By this time, the average reader may start to feel that Einstein has given way to Alice in Wonderland , and that the book has abandoned science in favour of fantasy. But - and this is a measure of Davies's skill - a second reading will show that it all starts to add up and make sense, even if parts of the story are blurred.
Admittedly, the text is heavy-going, but in view of the subject matter it could not be otherwise; I doubt whether any current author could have done better, or even as well. There is a useful list of references and a good index, but one helpful addition would be a glossary of the less familiar terms used. True, the end-of-chapter summaries may be said to fill this role, but in going through the text it struck me that a glossary would help, bearing in mind that the non-specialist reader will by now be concentrating grimly.
The stated aim of the book is to answer some fundamental questions, and in particular to see if we can fathom why the universe is "just right for life" when even tiny variations in physical laws would preclude it. This is bound to lead on to associated problems. For example, we would like to know whether the universes - our universe, at least - had a definite beginning so that, as St Augustine said, "there were no earlier moments". We would like to know whether the present expansion will continue endlessly, so that the final state of the cosmos will be dark and dead, or whether the galaxies will come together in a "big crunch", possibly to start the story all over again? Above all, we are anxious to know just where we fit into the overall scenario.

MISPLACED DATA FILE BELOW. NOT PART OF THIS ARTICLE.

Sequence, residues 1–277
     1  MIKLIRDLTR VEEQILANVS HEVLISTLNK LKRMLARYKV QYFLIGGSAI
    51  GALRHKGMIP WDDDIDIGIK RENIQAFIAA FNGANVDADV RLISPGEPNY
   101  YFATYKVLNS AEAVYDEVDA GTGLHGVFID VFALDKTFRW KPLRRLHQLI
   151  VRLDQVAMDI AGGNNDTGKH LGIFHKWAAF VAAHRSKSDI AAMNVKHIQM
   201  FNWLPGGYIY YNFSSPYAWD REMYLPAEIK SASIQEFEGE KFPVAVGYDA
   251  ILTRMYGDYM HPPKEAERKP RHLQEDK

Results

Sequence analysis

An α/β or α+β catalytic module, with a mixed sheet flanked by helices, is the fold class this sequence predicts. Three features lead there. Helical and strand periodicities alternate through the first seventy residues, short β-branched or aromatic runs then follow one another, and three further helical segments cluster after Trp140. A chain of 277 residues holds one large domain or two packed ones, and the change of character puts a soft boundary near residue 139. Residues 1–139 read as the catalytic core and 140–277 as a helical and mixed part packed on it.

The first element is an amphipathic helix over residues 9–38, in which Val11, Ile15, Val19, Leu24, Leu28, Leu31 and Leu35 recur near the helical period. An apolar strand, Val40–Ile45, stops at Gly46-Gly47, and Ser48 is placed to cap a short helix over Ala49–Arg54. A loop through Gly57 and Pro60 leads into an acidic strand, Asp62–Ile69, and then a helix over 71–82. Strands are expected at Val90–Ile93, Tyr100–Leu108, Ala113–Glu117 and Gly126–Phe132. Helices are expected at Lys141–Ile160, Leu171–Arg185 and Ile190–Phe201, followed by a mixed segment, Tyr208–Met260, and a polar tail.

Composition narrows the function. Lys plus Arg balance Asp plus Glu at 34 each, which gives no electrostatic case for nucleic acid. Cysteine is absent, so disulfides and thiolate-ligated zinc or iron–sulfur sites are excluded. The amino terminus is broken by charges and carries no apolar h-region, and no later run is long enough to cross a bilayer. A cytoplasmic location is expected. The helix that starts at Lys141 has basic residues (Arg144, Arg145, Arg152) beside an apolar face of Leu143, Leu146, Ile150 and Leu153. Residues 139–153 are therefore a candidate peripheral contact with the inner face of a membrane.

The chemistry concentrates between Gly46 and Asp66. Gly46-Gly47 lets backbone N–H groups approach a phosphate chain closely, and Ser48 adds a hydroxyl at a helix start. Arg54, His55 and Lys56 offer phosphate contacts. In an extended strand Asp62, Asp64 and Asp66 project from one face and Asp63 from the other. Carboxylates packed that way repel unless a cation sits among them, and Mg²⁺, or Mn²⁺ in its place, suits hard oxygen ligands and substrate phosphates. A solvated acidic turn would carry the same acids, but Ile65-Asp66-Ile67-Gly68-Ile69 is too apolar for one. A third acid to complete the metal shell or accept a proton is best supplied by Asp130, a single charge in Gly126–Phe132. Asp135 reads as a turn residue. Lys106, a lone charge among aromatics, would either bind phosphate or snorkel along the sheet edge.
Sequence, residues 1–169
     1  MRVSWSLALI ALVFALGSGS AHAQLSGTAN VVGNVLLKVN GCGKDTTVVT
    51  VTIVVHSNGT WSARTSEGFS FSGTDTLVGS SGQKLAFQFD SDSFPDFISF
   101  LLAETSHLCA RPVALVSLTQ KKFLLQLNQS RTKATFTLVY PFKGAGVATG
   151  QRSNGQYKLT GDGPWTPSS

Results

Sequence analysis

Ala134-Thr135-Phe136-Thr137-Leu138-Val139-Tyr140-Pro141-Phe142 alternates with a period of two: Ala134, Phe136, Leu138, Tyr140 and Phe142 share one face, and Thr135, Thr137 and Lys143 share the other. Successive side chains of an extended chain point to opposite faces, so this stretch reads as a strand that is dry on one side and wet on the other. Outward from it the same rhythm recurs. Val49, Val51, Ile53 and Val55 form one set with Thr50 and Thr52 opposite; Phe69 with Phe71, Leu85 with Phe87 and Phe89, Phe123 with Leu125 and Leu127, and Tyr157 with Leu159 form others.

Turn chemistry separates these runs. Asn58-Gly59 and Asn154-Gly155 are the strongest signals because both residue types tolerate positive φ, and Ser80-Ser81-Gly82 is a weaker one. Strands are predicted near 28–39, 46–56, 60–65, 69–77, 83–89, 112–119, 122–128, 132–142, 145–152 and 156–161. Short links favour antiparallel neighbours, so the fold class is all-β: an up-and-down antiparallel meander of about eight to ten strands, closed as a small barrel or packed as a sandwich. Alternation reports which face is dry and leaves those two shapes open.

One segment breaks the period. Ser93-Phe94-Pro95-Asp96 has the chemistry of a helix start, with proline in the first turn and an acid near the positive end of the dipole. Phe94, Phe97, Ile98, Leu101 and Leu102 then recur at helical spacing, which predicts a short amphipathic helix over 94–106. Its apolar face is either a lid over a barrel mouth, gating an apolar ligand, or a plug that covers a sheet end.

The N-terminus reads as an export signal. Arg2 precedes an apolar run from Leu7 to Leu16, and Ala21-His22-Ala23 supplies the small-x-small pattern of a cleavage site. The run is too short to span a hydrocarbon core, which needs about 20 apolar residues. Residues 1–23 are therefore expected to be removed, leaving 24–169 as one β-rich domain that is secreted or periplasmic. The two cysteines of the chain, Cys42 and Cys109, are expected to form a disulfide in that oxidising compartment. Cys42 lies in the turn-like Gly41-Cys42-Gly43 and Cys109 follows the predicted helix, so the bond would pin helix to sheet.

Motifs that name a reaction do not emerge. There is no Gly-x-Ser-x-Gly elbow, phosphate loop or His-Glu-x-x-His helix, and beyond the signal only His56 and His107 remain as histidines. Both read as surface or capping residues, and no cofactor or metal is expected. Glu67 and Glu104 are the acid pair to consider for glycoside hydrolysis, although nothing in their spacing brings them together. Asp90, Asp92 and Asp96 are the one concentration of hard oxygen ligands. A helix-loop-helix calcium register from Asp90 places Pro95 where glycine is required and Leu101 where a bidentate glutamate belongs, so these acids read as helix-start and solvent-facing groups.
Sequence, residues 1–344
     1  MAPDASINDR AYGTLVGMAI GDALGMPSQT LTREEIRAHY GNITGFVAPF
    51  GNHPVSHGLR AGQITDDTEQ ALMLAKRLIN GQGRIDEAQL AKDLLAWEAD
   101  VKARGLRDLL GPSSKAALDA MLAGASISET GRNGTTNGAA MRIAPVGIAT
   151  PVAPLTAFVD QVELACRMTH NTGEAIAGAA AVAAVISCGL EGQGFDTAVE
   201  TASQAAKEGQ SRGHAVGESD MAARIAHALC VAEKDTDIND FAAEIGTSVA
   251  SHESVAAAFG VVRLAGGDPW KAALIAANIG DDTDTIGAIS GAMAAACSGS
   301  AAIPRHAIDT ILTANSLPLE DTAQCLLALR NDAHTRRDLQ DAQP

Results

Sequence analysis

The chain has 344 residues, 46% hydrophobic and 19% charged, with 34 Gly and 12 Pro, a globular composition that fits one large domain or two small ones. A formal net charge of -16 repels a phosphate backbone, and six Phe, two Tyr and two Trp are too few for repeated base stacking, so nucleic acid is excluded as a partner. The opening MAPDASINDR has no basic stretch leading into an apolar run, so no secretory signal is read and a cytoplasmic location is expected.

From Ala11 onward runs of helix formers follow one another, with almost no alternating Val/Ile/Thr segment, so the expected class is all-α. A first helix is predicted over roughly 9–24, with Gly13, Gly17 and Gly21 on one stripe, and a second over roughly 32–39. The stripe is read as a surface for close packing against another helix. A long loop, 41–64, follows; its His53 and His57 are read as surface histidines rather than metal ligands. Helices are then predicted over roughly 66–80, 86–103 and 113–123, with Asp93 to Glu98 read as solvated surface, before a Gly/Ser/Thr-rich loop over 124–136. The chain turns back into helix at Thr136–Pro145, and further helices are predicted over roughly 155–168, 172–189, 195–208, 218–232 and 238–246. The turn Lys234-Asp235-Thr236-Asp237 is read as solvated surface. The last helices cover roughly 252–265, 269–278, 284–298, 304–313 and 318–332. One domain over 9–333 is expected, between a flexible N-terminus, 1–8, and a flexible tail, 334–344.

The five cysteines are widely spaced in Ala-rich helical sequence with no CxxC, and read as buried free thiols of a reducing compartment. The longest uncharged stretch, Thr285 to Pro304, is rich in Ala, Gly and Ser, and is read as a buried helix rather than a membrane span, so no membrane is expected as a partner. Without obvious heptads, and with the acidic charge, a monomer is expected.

The last chapter, "Aftermath: ultimate explanations", summarises the pros and cons of the various main positions dealt with in the text. Do we represent a cosmical fluke because the laws of physics happen to suit us, in which case there is no God, no designer, no technological principle, no destiny? Second, is our universe unique? Third, can we follow the multiverse theory, according to which there are many universes not in touch with each other? Or is it conceivable that our universe is a fake, and that what we take to be the real world is nothing more than an ingeniously contrived virtual reality show? Reading Davies's text will not give you the answers, but you will have a better understanding of what is involved, and this book will further enhance the author's reputation both as a writer and as a researcher.
Sir Patrick Moore is the author of more than 60 books, mainly on astronomy.
The Goldilocks Enigma: Why is the Universe just Right for Life?
Author - Paul Davies
Publisher - Allen Lane
Pages - 349
Price - £22.00
ISBN - 0 713 99883 0